The furlough scheme has been extended again.
Chancellor Rishi Sunak is trying to get on top of a problem that is more pressing immediately - the risk of large numbers of people being out of work when it ends - but should ease as the vaccination programme is rolled out.
That programme makes the more optimistic scenarios of the government's official forecasters more likely.
A successful vaccination programme lessens the need for mandatory shutdowns of parts of the economy. And officials hope that the public will have the confidence to return to shops, restaurants and bars after Easter.
In that scenario it is just about possible that the worst forecasts of unemployment could be avoided, as the UK transitions to a more normal economy as furlough ends.
Before that, in March, the chancellor will deliver a recovery Budget and he plans to tell employers exactly what support will replace the furlough scheme.
Firms will have more than the 45 day statutory period to plan staffing levels. This should help avoid unnecessary redundancies.
So that is the hope underlying this extension. The bad news is that it highlights how tough the next three months are expected to be.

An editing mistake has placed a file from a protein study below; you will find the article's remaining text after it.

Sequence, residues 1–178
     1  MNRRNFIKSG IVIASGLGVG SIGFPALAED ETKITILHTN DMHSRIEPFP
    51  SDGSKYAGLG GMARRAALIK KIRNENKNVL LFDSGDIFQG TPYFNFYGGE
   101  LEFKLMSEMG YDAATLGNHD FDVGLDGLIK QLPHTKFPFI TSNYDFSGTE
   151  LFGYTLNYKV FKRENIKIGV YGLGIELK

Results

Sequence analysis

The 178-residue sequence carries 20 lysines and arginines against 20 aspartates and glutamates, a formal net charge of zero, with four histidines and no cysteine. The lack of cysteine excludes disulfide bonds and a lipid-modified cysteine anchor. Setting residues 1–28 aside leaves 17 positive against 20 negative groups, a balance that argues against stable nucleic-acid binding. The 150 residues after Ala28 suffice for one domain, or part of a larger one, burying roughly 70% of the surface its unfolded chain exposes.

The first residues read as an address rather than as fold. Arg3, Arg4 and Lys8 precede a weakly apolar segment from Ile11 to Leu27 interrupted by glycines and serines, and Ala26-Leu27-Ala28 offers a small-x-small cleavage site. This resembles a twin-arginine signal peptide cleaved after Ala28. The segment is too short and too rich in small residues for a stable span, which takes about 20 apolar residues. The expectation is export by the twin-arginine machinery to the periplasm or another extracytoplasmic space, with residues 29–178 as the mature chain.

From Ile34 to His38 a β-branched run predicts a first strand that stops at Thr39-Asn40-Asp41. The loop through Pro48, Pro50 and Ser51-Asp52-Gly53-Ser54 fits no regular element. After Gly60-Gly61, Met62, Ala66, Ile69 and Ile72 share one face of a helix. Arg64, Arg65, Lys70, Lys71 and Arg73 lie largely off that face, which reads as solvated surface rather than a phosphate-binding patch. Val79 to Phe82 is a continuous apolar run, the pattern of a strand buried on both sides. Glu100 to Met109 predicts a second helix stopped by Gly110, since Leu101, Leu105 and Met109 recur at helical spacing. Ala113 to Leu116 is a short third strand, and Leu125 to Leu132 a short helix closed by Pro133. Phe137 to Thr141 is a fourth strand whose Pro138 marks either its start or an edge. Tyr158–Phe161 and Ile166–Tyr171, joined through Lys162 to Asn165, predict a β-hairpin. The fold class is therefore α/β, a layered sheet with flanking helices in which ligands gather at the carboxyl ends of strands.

The vaccine is excellent news, but some expect people to be more cautious, taking even fewer risks, when a solution is just around the corner.
]This will affect both the willingness of the government to end tiered restrictions and perhaps even to have further national lockdowns.
And it will also mean voluntary social distancing may continue at an even higher level.
It is partly the price to be paid for the extra infections that will inevitably follow the easing of restrictions over Christmas.
The furlough scheme will also cover the period directly after the Brexit transition period ends, when disruption to trade and supply chains is expected whether or not there is a deal.
As important as all of this is the fact that the chancellor has chosen not to reduce the support available through furlough scheme.
The government contribution will now remain at 80% of wage levels up to £2,500 until the end of April.
This is designed to provide certainty to keep payrolls going until the vaccine programme starts to inoculate the economy as well as lives.
It means more borrowed money to support the economy.
But with scientific invention having offered an exit plan at some point in 2021, the chancellor has extended his economic support package to bridge to that point.